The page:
Wayward Lives, Beautiful Experiments is and should be read as a historic and contemporary text that excavates the untold life projects and struggles of individuals confined to the lower rungs of America’s socioeconomic and political ladders. In poetic fashion, the book forcefully intervenes on scholarly conversations focused on urban working-class Black women and girls. A brilliantly written serial biography, Hartman builds on the pioneering and innovative historical scholarship of Kali Gross, Cheryl Hicks, Cynthia Blair, Mireille Miller-Young, Shannon King, and other scholars whose works illuminate the complex intersections of northern Black migration and labor, crime and punishment, and city amusements. Recently published monographs’ riveting narratives, scholarly renderings, and archival discoveries of outlaw women, unrespectable women, thieving and murderous women, and ordinary women boldly “snatching liberty” for themselves are the foundations upon which Wayward Lives, Beautiful Experiences is built on. While examining a familiar cast of historical characters, Hartman’s eloquent narrative contributes to ongoing scholarly discussions concerning the collection and documentation of histories on the everyday lives of the unexceptional, unnamed, and well-known. At the same time, Wayward Lives, Beautiful Lives offers distinct and creative ways of visualizing and interpreting urban Black women, those far reaching beyond their prescribed and preordained stations in life. Part of the book’s originality lies in Hartman’s partnering of archival sources with that of fictionalized and speculative dialogue and interjections, allowing audiences to read, interpret, and imagine women’s words, actions, and movements.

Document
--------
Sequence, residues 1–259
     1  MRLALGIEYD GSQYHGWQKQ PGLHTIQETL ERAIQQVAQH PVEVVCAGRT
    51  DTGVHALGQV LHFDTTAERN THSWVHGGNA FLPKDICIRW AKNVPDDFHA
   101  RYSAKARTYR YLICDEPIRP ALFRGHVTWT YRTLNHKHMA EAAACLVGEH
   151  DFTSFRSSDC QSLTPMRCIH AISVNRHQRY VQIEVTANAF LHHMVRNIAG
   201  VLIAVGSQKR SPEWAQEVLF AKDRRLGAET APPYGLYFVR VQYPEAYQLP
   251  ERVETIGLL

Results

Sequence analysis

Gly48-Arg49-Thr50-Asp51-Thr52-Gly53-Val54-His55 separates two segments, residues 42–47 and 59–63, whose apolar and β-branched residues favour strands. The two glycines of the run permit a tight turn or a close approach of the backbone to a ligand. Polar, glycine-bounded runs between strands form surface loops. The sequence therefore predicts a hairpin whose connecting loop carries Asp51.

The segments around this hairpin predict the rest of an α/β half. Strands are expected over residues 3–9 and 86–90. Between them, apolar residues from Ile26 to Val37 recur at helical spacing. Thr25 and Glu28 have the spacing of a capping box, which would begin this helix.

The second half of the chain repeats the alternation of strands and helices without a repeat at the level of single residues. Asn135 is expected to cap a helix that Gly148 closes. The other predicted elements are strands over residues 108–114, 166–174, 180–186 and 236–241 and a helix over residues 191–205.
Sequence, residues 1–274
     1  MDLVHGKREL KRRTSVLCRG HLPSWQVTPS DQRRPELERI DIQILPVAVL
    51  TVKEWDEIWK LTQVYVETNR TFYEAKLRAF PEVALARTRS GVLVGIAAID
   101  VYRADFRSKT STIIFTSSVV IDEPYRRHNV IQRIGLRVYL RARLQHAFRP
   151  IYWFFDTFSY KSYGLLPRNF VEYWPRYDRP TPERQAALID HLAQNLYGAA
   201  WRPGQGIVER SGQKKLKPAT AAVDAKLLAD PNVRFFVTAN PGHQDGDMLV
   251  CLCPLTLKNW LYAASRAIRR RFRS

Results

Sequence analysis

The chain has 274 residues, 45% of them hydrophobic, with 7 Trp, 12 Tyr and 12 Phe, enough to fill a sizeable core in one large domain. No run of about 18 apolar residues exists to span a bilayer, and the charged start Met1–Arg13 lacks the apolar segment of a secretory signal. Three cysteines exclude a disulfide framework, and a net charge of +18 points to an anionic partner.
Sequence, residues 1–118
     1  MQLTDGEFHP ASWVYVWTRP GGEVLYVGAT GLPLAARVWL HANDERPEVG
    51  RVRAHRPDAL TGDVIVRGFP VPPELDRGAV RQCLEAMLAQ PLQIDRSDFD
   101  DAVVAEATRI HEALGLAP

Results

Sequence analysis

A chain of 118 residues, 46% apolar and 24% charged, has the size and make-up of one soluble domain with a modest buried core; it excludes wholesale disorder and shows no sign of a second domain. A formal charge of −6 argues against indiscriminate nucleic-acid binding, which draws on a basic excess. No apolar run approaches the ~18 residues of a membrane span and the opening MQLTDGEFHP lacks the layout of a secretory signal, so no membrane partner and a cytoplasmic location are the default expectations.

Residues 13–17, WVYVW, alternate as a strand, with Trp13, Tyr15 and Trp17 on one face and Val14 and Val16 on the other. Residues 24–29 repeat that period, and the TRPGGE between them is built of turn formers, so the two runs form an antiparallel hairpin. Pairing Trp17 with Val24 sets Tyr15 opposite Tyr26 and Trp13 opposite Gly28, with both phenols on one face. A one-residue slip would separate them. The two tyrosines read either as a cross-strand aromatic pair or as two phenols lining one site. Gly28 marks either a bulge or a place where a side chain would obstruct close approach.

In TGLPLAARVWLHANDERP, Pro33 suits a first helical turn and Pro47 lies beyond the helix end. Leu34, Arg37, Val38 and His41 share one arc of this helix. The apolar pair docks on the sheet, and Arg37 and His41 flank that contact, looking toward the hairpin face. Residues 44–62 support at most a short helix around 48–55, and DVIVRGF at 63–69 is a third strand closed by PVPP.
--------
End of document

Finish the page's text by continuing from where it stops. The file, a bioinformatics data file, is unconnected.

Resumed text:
Situated in New York City and Philadelphia during the nadir period in Black American life, Hartman’s text is a “moving picture of the wayward,” those whom many social reformers, municipal officials, anti-vice investigators, and ordinary city dwellers identified as castoffs, reckless, disreputable, and, to borrow from scholar Claire Sears, “problem bodies.” Because of women’s affiliations with illegal and disreputable labor and leisure activities and their desire to engage in varying intimate and sexual relationships, they were deemed morally lax and a threat to urban civilization, and often targeted for state intervention and legal confinement. “Problem bodies” complicated Progressive Era campaigns invested in promoting and advancing Victorian ideas about labor, domesticity and respectability, and marriage, love, and sexuality.
Partygoers, window shoppers, domestics, confidence artists, and ordinary working-class women were certainly more than the social and political constructions mapped on their bodies. They lived by a different set of rules, refusing to be governed by individuals who cared little about their dreams, desires, and ideas about freedom. A rich primary source collection including prison case files, newspapers, court documents, photographic images, and moral crusaders’ memoirs and investigative reports facilitates Hartman’s exercise in demonstrating that the “wayward,” those she views as free lovers, anarchists, sexual modernists, and radical thinkers and dreamers, were at the forefront of a cultural revolution that significantly altered the urban American landscape. At the same time, archival records hardly bound Hartman’s depictions of Black women and urban geographies. Similar to arguments conveyed in Scenes of Subjection, Lose Your Mother, and “Venus in Two Acts,” Hartman acknowledges the archival limitations in tracing working-class women’s public and private lives. Challenging the widely-accepted view that the archive is the authoritative source of the past, she innovatively reads against archival documents; those produced by state violence and surveillance and those that privilege the narratives and voices of the urban elite. Moreover, Hartman employs critical fabulation to unearth single mothers’, queer and cross-dressing women’s, combative and gossip talking domestics’, and pleasure-seeking teenage girls’ defiant words and actions against reformist rhetoric and practices, as well as their aspirations and wide-ranging visions of freedom.